The Big Five represents a model that organizes personality traits into broad groupings that summarize more specific personality facets. These personality traits are relevant to organizations today because research has shown they have the potential to predict workplace behaviors and attitudes, such as performance and engagement.
The Big Five originated from the lexical hypothesis, which stated that the most important individual traits for defining personality eventually become a part of language. In 1936, Gordon Allport and H.S. Odbert investigated this hypothesis by categorizing a list of 4,500 non-physical adjectives to describe personality. In 1963, Warren Norman and Lewis Goldberg further developed this list into five main categories that are purported to encompass every individual personality trait. The list today is known as the Big Five: agreeableness, conscientiousness, extraversion, neuroticism/emotional stability and openness to experience.
People who are categorized as being high in agreeableness tend to be accommodating and helpful in the workplace, as they want to please others. An employee who is agreeable is known for being warm and cooperative, thus receptive and optimistic when it comes to training. A person’s level of agreeableness can impact their effectiveness in goal setting, organization, motivation and overall job performance. It can also impact their level of retention after a training program, allowing for a higher chance of successfully applying training on the job.
Conscientiousness, or an employee’s tendency to be organized, to be dependable and to strive for achievement, is often associated with learning and career success. Conscientious people are motivated to be at the top of their game in both training and work performance. Research shows this motivation to achieve relates to an employee’s effectiveness in the workplace and to learning. Conscientious people are typically known for higher rates of retention after training and for successfully applying what they learned in training on the job.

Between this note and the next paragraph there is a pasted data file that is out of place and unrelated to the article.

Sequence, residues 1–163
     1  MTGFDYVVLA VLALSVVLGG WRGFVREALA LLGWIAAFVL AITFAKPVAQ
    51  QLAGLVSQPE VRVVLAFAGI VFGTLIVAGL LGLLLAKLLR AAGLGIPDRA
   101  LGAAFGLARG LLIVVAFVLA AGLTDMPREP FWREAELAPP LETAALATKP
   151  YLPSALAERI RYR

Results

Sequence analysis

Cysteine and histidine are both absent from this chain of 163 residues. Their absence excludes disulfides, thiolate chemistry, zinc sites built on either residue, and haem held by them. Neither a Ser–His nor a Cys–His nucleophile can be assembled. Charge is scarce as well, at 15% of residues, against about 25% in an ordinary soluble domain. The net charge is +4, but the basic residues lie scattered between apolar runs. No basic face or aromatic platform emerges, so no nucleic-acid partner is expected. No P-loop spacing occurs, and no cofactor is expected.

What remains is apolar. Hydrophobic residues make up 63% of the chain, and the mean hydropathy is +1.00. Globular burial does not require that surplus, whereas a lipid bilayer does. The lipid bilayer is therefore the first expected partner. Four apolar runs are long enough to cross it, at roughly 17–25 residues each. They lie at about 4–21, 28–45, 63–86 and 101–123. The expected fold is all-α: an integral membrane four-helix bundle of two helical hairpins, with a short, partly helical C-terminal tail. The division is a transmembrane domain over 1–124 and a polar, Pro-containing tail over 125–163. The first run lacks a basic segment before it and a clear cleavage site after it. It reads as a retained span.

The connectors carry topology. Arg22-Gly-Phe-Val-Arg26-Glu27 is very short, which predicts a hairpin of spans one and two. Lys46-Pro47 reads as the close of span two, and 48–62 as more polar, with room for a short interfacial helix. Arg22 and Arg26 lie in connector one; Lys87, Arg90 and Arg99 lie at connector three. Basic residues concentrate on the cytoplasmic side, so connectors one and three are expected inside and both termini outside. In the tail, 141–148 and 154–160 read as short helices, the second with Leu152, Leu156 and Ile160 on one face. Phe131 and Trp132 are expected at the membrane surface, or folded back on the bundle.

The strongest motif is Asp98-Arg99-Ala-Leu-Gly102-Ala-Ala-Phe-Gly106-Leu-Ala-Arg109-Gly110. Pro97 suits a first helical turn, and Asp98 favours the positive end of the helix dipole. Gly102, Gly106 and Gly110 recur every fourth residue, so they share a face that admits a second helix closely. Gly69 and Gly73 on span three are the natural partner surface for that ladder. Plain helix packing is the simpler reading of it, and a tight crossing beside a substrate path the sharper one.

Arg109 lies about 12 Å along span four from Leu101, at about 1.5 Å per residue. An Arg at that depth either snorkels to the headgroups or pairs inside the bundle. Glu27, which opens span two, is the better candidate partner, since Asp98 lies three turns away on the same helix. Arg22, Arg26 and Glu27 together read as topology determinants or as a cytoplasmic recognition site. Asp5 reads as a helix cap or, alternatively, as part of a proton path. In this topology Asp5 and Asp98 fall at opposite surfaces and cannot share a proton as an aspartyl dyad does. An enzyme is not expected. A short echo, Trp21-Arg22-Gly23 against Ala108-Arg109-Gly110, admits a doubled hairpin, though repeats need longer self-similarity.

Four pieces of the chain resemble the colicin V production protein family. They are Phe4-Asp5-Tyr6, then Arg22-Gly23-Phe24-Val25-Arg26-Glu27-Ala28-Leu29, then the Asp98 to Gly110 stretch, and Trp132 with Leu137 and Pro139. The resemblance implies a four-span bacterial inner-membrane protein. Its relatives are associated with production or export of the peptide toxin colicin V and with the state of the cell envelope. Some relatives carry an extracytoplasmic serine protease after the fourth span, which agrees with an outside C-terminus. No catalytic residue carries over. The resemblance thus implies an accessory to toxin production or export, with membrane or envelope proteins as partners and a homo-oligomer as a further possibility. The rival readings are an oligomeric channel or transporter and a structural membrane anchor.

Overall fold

Additionally, knowing where trainees are on the conscientiousness spectrum can facilitate instructional design. For example, different characteristics of LMS design or learning programs might prove beneficial for conscientious people to keep track of their training while also helping those who are lower in conscientiousness stay actively engaged through friendly reminders or guidance.
Individuals who are high in this personality trait are typically known as extroverts: people who are outgoing and may benefit from or thrive during social interactions. Those with low extraversion are known as introverts. They typically are very thoughtful, benefit from reflection and are focused inward. Employees who are introverts can benefit from either working and training alone or in small groups; however, this doesn’t mean team-oriented tasks or training programs should be avoided.
Overall, while extraversion consists of multiple aspects, researchers have found that levels of energy, self-confidence and charisma can impact learning effectiveness the most. As such, extraversion can increase effectiveness and success in leadership, job performance, training retention and outcomes, and teamwork and team performance.
This characteristic is most associated with people who are moody and/or emotionally unstable. Employees who are high in neuroticism perform well in positions where they can produce original and innovative ideas.
For training, those who experience a healthy amount of anxiety in the workplace do well in teams, because they are concerned with succeeding in their job and training performance or team performance. Different levels of emotional stability can predict successes in leadership, career, transferring training, expectations in overall job performance, and cohesion in teamwork and team performance.
Openness to Experience
Openness to experience is associated with a person’s level of intellectual curiosity and creativity. This category is most commonly associated with people who are intuitive and can use their imaginations for both business and personal purposes. As such, an employee high in openness to experience is likely to unintentionally increase their productivity in training and job performance in their own innovative ways. They’re also likely to do well with new adaptations in training programs, such as with the adoption of new virtual learning tools.
Openness to experience can predict successes in leadership, career and the successful transfer of training. This trait can also show an increase in effectiveness for leadership, goal setting, organization, motivation, training outcomes, teamwork and team performance, and overall job satisfaction.